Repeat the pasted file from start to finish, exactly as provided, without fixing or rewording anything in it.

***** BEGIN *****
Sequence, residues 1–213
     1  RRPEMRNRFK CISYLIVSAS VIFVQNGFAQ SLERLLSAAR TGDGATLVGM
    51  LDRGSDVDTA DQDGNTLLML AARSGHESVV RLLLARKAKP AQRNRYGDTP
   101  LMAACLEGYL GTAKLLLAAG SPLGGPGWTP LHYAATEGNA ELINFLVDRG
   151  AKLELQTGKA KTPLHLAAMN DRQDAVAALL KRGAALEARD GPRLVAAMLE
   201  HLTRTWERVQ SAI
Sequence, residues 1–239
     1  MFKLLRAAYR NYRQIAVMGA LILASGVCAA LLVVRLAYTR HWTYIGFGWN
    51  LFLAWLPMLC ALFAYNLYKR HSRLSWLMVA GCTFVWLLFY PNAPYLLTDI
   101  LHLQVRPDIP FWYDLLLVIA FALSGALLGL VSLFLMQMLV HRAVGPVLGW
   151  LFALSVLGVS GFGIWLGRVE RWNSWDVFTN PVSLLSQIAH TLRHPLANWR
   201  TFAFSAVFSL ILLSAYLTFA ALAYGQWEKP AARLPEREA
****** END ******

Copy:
Sequence, residues 1–213
     1  RRPEMRNRFK CISYLIVSAS VIFVQNGFAQ SLERLLSAAR TGDGATLVGM
    51  LDRGSDVDTA DQDGNTLLML AARSGHESVV RLLLARKAKP AQRNRYGDTP
   101  LMAACLEGYL GTAKLLLAAG SPLGGPGWTP LHYAATEGNA ELINFLVDRG
   151  AKLELQTGKA KTPLHLAAMN DRQDAVAALL KRGAALEARD GPRLVAAMLE
   201  HLTRTWERVQ SAI
Sequence, residues 1–239
     1  MFKLLRAAYR NYRQIAVMGA LILASGVCAA LLVVRLAYTR HWTYIGFGWN
    51  LFLAWLPMLC ALFAYNLYKR HSRLSWLMVA GCTFVWLLFY PNAPYLLTDI
   101  LHLQVRPDIP FWYDLLLVIA FALSGALLGL VSLFLMQMLV HRAVGPVLGW
   151  LFALSVLGVS GFGIWLGRVE RWNSWDVFTN PVSLLSQIAH TLRHPLANWR
   201  TFAFSAVFSL ILLSAYLTFA ALAYGQWEKP AARLPEREA